Kuwaiti gays ask permission to get organised

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The gay and trans community in Kuwait has approached the government requesting an official gay rights organisation.

The majority Muslim country currently does not allow such groups to exist, despite a growing number of openly gay and transgender Kuwaitis.

According to online news service, Al Arabiya, the gay rights request follows the recent Upholding Ethics report from the Kuwaiti National Council.

The report reveals $2m (£1m) has been allocated to combat the rise of homosexuality and a proposal to criminalise “cross-dressing.”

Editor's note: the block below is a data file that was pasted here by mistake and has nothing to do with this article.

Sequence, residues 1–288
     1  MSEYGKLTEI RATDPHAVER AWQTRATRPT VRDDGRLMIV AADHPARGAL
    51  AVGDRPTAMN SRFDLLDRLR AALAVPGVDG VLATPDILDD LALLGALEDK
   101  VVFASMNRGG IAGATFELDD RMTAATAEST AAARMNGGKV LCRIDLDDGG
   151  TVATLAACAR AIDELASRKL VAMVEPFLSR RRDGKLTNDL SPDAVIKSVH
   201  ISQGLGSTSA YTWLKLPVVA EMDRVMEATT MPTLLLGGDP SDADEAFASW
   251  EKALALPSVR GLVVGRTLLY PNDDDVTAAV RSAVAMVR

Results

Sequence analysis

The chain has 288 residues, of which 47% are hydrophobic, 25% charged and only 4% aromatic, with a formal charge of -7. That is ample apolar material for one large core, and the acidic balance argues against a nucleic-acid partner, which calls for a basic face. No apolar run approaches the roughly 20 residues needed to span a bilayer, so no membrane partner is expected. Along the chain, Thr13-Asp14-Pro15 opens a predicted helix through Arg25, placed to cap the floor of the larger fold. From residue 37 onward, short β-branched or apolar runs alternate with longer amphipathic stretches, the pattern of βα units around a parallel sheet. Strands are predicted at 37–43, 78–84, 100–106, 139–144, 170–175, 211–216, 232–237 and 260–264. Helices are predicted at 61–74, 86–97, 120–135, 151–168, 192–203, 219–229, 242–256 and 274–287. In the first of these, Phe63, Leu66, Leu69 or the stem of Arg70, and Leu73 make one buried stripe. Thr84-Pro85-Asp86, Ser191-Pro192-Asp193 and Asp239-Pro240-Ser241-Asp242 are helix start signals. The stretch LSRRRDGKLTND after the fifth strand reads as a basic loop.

Homosexuality and transvestism are currently prohibited in Kuwait, but this is considered a crime of morality and is rarely enforced by law.

The proposed amendment to the penal code would make transvestism punishable by a 1000 dinars (£1,780) fine or a jail sentence.

The oil-rich country of three million people was invaded by Saddam Hussein in 1991, sparking the first Gulf War.

It is relatively liberal and democratic compared to its Muslim neighbours. It has an elected national council and women gained the right to vote in 2006.

However, homosexuality between men is punishable with imprisonment for up to ten years.

People entering Kuwait must prove they are not HIV positive and the “publication and distribution of any writing or images that are immoral” is against the law.